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The Many Uses of Thyme

Health Benefits Of Thyme
Some of the most interesting health benefits of thyme include its ability to reduce respiratory issues, boost the strength of the immune system, protect against chronic diseases, stimulate blood flow, prevent fungal infections, improve heart health, and relieve stress.
The most common form of thyme has the scientific name Thymus vulgaris, and is an evergreen shrub that has been used in medicinal and culinary applications for thousands of years. The herb is native to the Mediterranean region and certain parts of Africa, and its use dates back to the Egyptian empire. In terms of its culinary use, the stems and the leaves are used in various dishes, either in whole or dried form. It is usually added to soups, sauces, meat dishes, and is used as a flavorful garnish. The leaves can be removed from the stems and ground into a finer spice, or the entire sprig can be added to flavor a larger dish or stew.
The leaves can be brewed into a tea and a decoction can be made with carrier oils or creams to apply topically to the body. Let’s take a more detailed look at some of the health benefits of thyme.
Health Benefits Of Thyme
Anti-fungal Ability: The most famous active ingredient found in thyme is thymol. This organic compound has a wide range of effects on the body, including the ability to prevent fungal and viral infections, thereby reducing strain on the immune system.
Antioxidant Capacity: With one of the highest antioxidant concentrations in any herb, thyme has been praised for thousands of years as an overall health booster. The phenolic antioxidants found in thyme, including lutein, zeaxanthin, and thymonin all contribute to neutralizing and eliminating free radicals throughout the body. Free radicals are the dangerous byproducts of cellular metabolism that can do major damage to your healthy cells by causing apotosis or spontaneous mutation. These antioxidants help to prevent oxidative stress in all of your organ systems, as well as your neural pathways, heart, eyes, and skin.
Respiratory Issues: One of the most well known and long-standing uses for thyme in traditional medicine is as a respiratory health support. For those suffering from bronchitis, chronic asthma, congestion, colds, flu, blocked sinuses, or seasonal allergies, thyme acts as an expectorant and an anti-inflammatory, eliminating phlegm and mucus from the respiratory tract, easing inflammation to aid in clear breathing, and prevent microbial development that can lead to illness. Brewing thyme springs into a powerful tea is the best way to achieve this sort of relief for respiratory ailments.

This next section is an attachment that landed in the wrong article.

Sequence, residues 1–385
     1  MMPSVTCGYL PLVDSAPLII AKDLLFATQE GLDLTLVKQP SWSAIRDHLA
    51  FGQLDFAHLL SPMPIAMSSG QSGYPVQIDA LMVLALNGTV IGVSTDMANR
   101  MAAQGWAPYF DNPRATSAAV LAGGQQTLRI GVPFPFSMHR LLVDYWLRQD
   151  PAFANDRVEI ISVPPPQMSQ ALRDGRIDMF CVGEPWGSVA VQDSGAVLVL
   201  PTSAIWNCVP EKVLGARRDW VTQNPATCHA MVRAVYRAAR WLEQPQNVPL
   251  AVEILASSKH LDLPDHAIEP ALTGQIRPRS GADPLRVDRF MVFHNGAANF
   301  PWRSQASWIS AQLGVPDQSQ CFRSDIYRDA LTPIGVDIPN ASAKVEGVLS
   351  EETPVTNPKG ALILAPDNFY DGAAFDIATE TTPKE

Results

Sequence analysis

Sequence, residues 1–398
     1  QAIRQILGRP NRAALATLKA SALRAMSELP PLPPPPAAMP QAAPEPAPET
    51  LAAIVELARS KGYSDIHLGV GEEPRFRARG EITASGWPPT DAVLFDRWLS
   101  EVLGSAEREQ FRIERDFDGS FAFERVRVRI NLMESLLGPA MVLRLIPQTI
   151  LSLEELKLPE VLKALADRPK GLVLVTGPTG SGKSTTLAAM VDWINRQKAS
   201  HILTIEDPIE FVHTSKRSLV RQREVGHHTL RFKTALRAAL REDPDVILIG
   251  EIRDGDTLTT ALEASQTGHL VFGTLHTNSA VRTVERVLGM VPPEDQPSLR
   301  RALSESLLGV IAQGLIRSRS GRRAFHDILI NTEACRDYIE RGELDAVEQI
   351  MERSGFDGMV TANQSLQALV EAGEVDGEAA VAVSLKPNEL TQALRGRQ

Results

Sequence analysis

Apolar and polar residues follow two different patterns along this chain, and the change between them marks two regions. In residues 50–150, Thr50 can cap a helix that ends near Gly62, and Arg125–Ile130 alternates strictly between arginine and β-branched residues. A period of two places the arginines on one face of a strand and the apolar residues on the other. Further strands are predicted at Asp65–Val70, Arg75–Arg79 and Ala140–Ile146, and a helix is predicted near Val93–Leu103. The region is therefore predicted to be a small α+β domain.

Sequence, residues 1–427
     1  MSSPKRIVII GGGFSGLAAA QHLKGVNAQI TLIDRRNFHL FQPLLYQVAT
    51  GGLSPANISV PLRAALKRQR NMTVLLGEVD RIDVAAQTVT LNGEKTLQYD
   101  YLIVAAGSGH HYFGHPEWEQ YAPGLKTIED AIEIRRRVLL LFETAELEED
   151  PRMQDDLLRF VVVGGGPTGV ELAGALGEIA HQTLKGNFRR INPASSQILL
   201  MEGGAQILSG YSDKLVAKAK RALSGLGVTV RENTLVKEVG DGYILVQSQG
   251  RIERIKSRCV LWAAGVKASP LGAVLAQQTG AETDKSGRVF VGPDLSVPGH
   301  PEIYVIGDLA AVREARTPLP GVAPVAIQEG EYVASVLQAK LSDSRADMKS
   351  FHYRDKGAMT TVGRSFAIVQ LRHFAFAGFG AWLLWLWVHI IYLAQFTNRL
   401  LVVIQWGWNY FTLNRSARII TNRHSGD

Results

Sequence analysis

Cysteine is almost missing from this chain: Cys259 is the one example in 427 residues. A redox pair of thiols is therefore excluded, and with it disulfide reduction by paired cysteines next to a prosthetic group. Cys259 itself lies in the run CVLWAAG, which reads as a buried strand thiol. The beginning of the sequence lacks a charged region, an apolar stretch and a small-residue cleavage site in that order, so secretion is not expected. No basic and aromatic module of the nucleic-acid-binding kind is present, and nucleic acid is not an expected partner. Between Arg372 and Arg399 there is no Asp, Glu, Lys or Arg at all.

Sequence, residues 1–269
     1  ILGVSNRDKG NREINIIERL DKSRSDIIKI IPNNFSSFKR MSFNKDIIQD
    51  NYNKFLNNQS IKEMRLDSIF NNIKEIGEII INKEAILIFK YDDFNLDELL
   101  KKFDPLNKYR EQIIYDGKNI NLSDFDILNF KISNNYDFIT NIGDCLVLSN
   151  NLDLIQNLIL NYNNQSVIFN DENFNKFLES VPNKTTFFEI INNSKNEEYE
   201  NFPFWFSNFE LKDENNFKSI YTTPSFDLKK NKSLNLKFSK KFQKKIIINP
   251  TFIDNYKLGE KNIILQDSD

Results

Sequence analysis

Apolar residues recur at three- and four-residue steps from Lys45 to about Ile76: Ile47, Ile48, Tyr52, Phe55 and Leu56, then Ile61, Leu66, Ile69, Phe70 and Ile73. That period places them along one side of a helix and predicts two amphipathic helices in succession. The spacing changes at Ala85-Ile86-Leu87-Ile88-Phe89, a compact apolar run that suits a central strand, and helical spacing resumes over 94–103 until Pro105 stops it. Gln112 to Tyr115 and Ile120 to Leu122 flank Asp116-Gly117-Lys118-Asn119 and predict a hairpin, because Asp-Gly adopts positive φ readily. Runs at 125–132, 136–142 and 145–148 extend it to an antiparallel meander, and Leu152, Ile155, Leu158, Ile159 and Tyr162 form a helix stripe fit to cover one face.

Heart Health: The rich blend of antioxidants, minerals, and vitamins in thyme have many small effects on the heart, but the potassium and manganese are particularly important. Potassium is a vasodilator, meaning that it can reduce the stress on the cardiovascular system by relaxing blood vessels and lowering blood pressure. This can extend your life by preventing atherosclerosis and avoiding strokes, heart attacks, and coronary heart disease.
Circulation: The high concentration of iron and other essential minerals in thyme make it ideal for stimulating the production of red blood cells, thereby boosting your body’s circulations and the oxygenation of essential organ systems and extremities throughout the body.
Immune System: The high levels of vitamin C found in thyme make it a natural immune system booster. Vitamin C stimulates the production of white blood cells, which are the first line of defense in the body’s immune system. Vitamin C also plays a crucial part in the production of collagen, which is essential for the creation and repair of cells, muscles, tissues, and blood vessels.
Vision Booster: The concentration of carotenoids and vitamin A found in thyme make it an effective antioxidant agent for your vision health. Carotenoids can neutralize the free radicals in your ocular system and slow the onset of macular degeneration.
Reduce Stress: One of the vitamins in thyme , pyridoxine (vitamin B6) has a powerful effect on certain neurotransmitters in the brain that are directly linked to stress hormones. Regular inclusion of thyme in your diet can help to boost your mood and ease your mind when stressful situations are occurring.
Warning: For those with a sensitive stomach, high intake of thyme can cause gastrointestinal distress...but generally, this herb is not known as an allergenic substance and can be consumed regularly in your diet.

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